Mashable, once the darling of online publishing has been sold to conglomerate Ziff Davis for less than $50 million. This is bad news for online publishing at every level but is especially upsetting given that as late as 2016, Mashable was valued at approximately $250 million.
Ziff Davis has scored a real bargain, with this being their first entrance into high-quality journalistic level content. Traditionally, the business runs high volume, low-quality sites that make money through affiliate links. The fact that they are purchasing a quality organisation like Mashable says a lot for the difference between high-quality content, and commercial outcomes.
Founder Pete Cashmore will remain with the company and tried to put on a brave face despite the obvious and bitter disappointment. He explained that the acquisition was a good move for all parties and that through the terms of the agreement, Mashable would refocus on what it was originally designed for – technology news.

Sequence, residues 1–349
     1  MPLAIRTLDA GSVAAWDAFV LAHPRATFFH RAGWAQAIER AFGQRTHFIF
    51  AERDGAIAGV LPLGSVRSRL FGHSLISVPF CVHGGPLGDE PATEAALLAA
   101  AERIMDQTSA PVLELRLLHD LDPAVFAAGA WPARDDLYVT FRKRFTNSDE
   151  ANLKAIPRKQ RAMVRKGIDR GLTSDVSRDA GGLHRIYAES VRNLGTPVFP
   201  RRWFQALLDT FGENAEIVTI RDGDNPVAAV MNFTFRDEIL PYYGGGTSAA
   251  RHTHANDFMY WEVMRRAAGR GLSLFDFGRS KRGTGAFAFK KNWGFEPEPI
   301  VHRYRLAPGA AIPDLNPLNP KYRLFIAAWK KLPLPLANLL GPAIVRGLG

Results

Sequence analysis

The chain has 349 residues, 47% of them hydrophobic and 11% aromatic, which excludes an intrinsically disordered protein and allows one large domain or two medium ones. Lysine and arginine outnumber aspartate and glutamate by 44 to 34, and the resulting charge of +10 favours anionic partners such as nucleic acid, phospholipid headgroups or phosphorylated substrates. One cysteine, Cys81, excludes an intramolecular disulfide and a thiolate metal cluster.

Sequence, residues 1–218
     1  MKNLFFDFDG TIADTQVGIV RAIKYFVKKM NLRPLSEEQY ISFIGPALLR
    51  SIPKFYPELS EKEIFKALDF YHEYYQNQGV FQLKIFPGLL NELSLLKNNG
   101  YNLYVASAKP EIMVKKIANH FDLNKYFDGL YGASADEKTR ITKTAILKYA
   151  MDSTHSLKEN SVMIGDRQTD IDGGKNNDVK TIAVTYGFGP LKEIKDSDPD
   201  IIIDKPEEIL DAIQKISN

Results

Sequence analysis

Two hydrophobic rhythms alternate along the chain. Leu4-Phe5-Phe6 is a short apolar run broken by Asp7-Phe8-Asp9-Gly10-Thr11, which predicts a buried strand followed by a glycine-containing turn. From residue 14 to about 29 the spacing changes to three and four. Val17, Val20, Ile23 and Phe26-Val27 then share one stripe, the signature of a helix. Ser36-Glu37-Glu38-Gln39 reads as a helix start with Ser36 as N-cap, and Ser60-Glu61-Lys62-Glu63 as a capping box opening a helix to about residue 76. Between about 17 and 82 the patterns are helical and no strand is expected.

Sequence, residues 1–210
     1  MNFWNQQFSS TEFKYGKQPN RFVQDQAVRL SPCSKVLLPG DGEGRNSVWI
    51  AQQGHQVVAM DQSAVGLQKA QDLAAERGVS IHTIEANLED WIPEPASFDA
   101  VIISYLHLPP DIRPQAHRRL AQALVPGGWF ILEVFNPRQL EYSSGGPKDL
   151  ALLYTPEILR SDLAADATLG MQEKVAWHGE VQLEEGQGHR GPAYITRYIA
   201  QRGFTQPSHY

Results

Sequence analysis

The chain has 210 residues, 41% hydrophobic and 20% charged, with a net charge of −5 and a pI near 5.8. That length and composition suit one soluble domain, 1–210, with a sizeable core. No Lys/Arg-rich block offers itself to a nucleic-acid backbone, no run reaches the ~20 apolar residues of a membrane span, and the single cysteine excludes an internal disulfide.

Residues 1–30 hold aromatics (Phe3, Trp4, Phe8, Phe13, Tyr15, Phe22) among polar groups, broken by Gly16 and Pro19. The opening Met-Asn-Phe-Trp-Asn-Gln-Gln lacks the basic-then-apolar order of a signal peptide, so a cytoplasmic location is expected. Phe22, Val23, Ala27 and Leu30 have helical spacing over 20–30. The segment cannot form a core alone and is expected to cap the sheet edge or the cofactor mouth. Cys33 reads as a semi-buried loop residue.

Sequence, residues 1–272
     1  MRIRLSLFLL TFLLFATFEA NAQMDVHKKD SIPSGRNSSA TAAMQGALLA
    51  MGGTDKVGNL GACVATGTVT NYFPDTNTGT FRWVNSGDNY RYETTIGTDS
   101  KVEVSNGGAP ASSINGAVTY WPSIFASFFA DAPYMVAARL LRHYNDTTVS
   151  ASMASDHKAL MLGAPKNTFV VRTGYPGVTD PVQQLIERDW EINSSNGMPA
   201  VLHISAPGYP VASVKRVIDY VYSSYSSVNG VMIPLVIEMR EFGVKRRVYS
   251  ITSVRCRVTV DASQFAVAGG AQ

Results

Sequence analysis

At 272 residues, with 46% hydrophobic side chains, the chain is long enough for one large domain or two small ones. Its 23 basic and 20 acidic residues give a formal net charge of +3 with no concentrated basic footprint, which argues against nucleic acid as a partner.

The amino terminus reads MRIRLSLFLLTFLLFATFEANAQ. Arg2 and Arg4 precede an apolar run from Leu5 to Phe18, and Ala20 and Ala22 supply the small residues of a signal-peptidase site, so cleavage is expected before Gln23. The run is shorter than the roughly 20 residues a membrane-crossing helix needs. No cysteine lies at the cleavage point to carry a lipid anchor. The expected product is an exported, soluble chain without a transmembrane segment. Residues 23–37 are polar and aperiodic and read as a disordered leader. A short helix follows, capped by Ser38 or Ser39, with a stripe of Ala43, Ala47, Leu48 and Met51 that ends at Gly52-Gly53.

Sadly, this refocus will mean that anyone not involved in this niche area will be surplus to requirements at Mashable and as a result, around 50 roles will be made redundant.
All of this makes sense, but what does the future hold for Mashable? There must be significant concerns by Cashmore and Mashable’s senior editorial staff, who will be well aware of the Ziff Davis reputation – pump out content quickly, and measure effectiveness based on affiliate clicks. This stands in direct contrast to the existing ethos which demands high quality, well researched editorial content that is referenced by other news sites as a matter of course. In saying that, a reset for Mashable and a streamlined focus on technology news wouldn’t be a bad idea. In fact, the business probably lost its way and got caught up in the diversity of audience numbers, rather than trying to work to increase, “depth,” of content and delight existing readers.
The next few months will be interesting at Mashable headquarters, and hopefully, this isn’t the beginning of the end for the site.